Ukrainian business leaders advocated better economic policy and rule of law: A report card

Ukrainian President Volodymyr Zelenskiy chairs a meeting, by videoconference, on measures combat violations of weight-size restrictions on roads by trucks, in Kyiv, Ukraine June 16, 2020. Ukrainian Presidential Press Service/Handout via REUTERS

At the request of several leading Ukrainian businessmen before the elections in 2019, the Atlantic Council assisted them to work out fifteen key principles for economic policy and judicial reform in Ukraine for the sake of further development of the Ukrainian economy. We presented the principles at a press briefing in Kyiv on September 16 in the presence of most of the businessmen or their representatives. One year after the election of President Voldymyr Zelenskyy, this report assesses what has been achieved, and what remains to accomplish.

In the sphere of law enforcement and judicial reform an impressive purge of the Prosecutor General’s Office has been carried out, and significant progress has been made in judicial reform, and the High Anti-Corruption Court has been formed, while nothing positive has occurred in law enforcement and a sensible law on the security service is badly needed. The question is whether the reform of the Prosecutor General’s Office will persist after personnel changes at the top of this office.

The greatest success in the sphere of economic reforms is the electronic ProZorro procurement and sales. Significant but incomplete steps have been taken in most areas, such as agricultural land market reform, gas and electricity markets, in the tax and customs system, transparency in company ownership, corporate governance of the state companies, and implementation of the Association Agreement with the European Union. The independence of the central bank has so far been respected. In other areas, little or no progress is noticeable, such as the digitization and simplification of the state administration, the improvement of the functioning of the Anti-Monopoly Committee, and privatization.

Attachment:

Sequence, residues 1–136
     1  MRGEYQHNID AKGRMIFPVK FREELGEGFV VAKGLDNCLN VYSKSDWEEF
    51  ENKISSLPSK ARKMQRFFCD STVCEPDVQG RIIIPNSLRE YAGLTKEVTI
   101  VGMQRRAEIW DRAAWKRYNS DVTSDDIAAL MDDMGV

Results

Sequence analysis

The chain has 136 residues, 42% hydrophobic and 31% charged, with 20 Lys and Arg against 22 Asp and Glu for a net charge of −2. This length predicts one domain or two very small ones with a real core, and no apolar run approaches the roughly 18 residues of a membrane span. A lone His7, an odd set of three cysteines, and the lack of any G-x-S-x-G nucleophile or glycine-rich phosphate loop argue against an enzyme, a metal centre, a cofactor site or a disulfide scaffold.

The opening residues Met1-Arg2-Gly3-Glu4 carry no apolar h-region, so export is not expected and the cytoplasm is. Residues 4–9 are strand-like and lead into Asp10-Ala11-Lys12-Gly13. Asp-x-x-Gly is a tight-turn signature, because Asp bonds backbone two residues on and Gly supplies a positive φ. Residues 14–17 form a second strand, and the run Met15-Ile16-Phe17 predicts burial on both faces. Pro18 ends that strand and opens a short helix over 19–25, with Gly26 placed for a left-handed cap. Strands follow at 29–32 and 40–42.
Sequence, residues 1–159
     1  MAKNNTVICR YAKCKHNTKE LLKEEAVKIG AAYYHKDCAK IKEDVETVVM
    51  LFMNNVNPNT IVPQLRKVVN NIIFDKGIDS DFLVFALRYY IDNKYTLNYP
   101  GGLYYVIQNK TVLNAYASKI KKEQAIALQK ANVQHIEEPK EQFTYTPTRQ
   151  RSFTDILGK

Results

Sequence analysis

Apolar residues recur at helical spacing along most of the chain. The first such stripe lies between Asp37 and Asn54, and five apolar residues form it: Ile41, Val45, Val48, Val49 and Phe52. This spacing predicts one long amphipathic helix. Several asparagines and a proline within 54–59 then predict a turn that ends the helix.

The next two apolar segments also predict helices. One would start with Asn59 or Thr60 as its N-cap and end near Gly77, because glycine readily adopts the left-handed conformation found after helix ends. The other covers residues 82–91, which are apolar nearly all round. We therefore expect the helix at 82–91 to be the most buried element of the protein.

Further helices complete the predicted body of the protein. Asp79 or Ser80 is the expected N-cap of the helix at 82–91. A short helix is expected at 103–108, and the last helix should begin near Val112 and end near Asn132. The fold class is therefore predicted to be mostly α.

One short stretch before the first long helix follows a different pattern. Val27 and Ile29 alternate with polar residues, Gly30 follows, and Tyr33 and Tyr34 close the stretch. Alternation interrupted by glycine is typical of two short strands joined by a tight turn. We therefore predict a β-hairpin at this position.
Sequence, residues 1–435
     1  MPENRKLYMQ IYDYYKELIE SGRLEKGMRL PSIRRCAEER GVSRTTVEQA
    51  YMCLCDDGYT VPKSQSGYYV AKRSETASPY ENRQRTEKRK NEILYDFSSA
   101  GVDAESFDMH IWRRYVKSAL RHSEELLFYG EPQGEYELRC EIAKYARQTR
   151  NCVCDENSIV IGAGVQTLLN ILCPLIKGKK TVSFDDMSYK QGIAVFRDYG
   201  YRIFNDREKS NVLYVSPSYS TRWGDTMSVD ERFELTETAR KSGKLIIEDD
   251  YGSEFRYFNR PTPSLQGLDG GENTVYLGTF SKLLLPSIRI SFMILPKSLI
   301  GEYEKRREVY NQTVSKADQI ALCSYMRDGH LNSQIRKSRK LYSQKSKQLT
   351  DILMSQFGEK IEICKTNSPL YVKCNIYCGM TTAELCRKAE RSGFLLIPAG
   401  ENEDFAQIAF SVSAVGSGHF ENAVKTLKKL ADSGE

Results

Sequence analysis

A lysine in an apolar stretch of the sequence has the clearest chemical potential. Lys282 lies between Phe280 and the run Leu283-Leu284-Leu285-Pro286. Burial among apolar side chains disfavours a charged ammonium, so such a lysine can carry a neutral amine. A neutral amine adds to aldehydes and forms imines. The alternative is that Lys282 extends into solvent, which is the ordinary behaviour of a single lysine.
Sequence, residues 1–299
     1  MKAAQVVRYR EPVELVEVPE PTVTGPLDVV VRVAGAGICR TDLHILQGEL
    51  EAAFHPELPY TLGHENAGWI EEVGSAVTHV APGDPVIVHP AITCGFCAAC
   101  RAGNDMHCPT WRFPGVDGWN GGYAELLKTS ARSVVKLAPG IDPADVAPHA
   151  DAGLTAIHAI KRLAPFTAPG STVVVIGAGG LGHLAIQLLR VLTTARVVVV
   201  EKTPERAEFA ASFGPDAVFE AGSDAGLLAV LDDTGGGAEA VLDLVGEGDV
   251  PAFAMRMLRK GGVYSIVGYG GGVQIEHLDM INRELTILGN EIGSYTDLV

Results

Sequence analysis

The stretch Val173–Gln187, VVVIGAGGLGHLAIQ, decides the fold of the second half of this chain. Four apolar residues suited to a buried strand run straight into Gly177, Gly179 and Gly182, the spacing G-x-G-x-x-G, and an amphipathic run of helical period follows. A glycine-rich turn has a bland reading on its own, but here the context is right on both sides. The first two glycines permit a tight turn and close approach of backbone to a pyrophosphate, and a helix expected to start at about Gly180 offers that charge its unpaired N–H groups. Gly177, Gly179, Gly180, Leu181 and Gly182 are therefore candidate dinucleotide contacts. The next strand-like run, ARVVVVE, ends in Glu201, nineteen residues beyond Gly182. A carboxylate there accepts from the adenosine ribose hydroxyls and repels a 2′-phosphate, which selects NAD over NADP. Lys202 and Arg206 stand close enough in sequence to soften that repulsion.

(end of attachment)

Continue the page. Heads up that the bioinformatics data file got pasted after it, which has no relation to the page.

The fifteen principles, attached at the end of this report, reflect a broad reform consensus in Ukraine that is by no means limited to the business community. The two imperatives behind these principles are the creation of well-functioning markets and the protection of private property rights. These ideas are not intended to be original, but consensual. They represent what is most important for Ukraine’s economic development and, by and large, they coincide with the declared aims of the new Ukrainian government.

One group of principles concerns the rule of law. They call for a reform of the Prosecutor General’s Office, stronger judicial reform that ensures the integrity of judges, the abolition of the economic crimes department of the security services, and the completion of the anti-corruption bodies. They also advocate strict conflict-of-interest rules for public officials and parliamentarians.

Most of the declaration deals with standard market economic reforms. The focus lies on structural reforms, such as the unification and marketization of energy prices, the abolition of unregulated monopolies, the elimination of obsolete regulations and inspections, and transparent and competitive public procurement and sales. As expected, all demand the simplification and improvement of the tax and customs systems. Macroeconomic issues are no longer high on the agenda, while the need for maintained independence of the National Bank remains.

Business leaders also support the legalization of private sales of agricultural land and privatization through transparent and competitive auctions of non-strategic state assets. They advocate that the ultimate beneficial owners of enterprises and other assets of significance be made public—and once made public, recognized as legitimate owners.

The only international issue mentioned is a desire for European integration. Business leaders wanted to stay out of politics, so the declaration contains no political items. On the contrary, the signers concluded that they aspired to conditions such that leading businesspeople would no longer have to go into politics to defend their legitimate rights.